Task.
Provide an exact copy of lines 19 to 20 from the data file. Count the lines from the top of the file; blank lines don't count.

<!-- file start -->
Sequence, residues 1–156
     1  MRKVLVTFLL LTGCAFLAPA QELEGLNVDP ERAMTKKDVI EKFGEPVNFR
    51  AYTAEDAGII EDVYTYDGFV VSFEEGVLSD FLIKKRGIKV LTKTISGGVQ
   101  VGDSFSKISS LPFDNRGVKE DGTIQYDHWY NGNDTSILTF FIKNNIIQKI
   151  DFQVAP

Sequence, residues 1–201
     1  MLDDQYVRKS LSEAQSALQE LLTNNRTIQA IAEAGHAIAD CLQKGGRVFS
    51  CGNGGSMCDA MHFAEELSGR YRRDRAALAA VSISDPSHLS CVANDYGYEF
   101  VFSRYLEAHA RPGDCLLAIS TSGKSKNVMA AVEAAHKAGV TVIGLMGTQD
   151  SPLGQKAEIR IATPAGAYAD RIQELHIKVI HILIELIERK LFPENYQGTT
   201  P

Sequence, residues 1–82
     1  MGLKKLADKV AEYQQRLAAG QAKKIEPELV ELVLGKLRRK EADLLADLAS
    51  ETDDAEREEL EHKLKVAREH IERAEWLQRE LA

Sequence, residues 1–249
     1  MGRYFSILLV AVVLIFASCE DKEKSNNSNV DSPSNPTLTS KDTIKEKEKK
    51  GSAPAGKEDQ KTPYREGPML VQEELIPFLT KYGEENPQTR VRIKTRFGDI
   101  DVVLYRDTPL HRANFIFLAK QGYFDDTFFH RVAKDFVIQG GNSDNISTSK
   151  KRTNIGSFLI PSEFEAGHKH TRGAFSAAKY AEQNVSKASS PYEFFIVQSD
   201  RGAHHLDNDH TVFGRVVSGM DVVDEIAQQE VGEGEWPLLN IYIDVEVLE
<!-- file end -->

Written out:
   151  KRTNIGSFLI PSEFEAGHKH TRGAFSAAKY AEQNVSKASS PYEFFIVQSD
   201  RGAHHLDNDH TVFGRVVSGM DVVDEIAQQE VGEGEWPLLN IYIDVEVLE